14. Dave Luckett

    Whatever happened to “When I was a child, I talked like a child, I thought like a child, I reasoned like a child. When I became a man, I put the things of childhood behind me.”? 2 Corinthians 13:11.

    Ah, but there’s always “Have you not read “Out of the mouths of babes and sucklings you have called forth praise”. Matthew 21:16, (Actually, the answer should have been no. Psalm 8 has “you have established a fortification”, but Jesus may be taking poetic licence, here.)

    So children should be listened to, but not listened to if their name is Saul of Tarsus. This is holy writ. I think. Or unless what they say is praise and/or a fortification. Or something.

    Ah, the wisdom of the Bible!

  15. @Retiredscienceguy – Thanks for the humor.

    As you probably know, the Higgs boson was recently found at CERN. Now scientists at the U. S. Navy Research Lab are looking for its companion particle – the bosun’s mate.🙂

  16. Who knows how this particular 13-year-old will turn out? Perhaps he will go the way of de-convert Libby Anne, who tells her story here:

    http://freethoughtblogs.com/pharyngula/2012/04/29/why-i-am-an-atheist-libby-anne/

    In short, she was raised on AiG materials. At college her worldview collapsed when she encountered real science. She tells us how she fought for a full year, but finally she arrived at the point where reality could no longer be denied.

    In closing she writes: “I would like to point out that by teaching their children that their faith rests on young earth creationism, fundamentalist and evangelical parents create an Achilles heel in their children. If they grow up to find that young earth creationism is wrong, they have to completely evaluate everything they believe about the Bible, God, and Christianity. In trying to buttress their children’s faith, these parents build into it a fundamental flaw. Who I am today is a product of that flaw.”

    Interestingly, Geogia Purdom at AiG noticed Libby’s blog entry and wrote her own piece about the sad, sad story of a young woman who clearly never fully understood the sublime teachings of AiG, since she has now succumbed to atheism. Shortly afterwards, K-Ham himself wrote about this tragedy.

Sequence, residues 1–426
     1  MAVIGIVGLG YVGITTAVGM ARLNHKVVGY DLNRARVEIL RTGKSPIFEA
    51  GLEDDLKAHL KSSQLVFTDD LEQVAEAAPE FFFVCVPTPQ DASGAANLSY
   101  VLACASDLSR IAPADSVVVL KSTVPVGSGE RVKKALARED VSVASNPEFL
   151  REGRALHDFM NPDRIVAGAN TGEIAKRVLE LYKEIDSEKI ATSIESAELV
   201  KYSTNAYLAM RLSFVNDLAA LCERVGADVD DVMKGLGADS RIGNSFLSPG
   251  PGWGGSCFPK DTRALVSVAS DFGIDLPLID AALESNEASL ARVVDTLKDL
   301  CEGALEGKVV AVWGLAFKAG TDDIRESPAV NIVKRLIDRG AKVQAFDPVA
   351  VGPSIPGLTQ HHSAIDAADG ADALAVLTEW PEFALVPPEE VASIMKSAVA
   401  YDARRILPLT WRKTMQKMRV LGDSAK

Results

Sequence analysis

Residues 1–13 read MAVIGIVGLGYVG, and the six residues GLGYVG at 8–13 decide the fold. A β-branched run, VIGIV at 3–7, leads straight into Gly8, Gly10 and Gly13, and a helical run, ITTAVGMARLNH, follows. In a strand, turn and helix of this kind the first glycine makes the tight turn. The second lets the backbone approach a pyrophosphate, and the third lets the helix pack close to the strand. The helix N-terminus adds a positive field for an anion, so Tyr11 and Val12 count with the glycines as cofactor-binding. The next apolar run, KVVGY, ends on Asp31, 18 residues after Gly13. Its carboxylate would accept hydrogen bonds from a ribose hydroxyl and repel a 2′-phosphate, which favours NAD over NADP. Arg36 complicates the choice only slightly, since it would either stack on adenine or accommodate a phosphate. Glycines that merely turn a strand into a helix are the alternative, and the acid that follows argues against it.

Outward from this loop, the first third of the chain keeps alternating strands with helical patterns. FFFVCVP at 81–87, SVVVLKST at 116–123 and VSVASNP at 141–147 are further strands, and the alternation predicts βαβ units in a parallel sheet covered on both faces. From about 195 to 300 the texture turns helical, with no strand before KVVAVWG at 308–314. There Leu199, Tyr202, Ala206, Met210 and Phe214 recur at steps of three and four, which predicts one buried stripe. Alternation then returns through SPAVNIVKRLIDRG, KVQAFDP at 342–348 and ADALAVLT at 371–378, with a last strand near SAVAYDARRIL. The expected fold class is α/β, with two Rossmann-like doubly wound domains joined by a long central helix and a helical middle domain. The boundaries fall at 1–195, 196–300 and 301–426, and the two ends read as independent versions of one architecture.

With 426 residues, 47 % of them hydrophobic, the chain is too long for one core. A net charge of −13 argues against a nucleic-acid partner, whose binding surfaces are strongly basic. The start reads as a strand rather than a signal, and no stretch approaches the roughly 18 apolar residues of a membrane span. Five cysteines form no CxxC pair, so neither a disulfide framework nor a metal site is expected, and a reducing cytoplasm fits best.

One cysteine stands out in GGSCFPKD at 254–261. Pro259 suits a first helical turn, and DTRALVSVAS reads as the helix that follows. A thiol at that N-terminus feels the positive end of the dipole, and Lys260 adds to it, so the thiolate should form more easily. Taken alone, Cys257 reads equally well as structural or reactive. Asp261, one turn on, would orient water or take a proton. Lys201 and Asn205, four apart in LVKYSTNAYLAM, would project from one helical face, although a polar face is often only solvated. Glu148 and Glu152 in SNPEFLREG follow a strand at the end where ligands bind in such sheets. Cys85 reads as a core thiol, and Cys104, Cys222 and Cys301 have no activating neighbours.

Libby’s response is well worth reading; she describes herself as the AiG poster child, and it is ludicrous to suggest that she did not “understand” the creationist material she was raised on. She simply came to understand that this material was not supported by the facts:

    http://www.patheos.com/blogs/lovejoyfeminism/2012/05/rebutting-ken-hams-response.html

  17. Doctor Stochastic

    As long as he doesn’t have a 13-year old fan dancer.

  18. I sometimes wonder how many of the AIG types have actually read the bible. When I was in high school, I went to a church that had a fairly charismatic young minister as the head of the youth fellowship, and I entertained the idea I might become a minister. Then, the summer vacation between my junior and senior year, I decided to read the bible (in preparation for my possible “career”), and I did, from end to end. Anyone who does that, and is even paying slight attention, will see that it’s full of contradictions and stories that are inconsistent.

    Then I went to a Lutheran college that, at that time, required students to take two religion courses. In those courses I learned that archeology had shown that there was no evidence for most of the stories, even the ones that were not inconsistent. It astonishes me that anyone with enough neurons to find their way to work each day can read the bible and not see that it’s a collection of myths with no relation to reality.

  19. @abeastwood
    I remember being puzzled by some of the stories in the Bible which didn’t seem to have continuity. So I was happily surprised to learn of the Documentary Hypothesis.
    When the fundamentalists speak of following the Word of God as given in the Bible, what they really mean is the eisegesis that their particular brand of fundamentalism practices. For example, just about any fundamentalist believes in the doctrine of Mosaic authorship, with no basis, other than a long tradition. Why it is at all important, is puzzling.

  20. Yep, teaching religion really is a form of child abusive, Future generations will be laughing at our superstitions.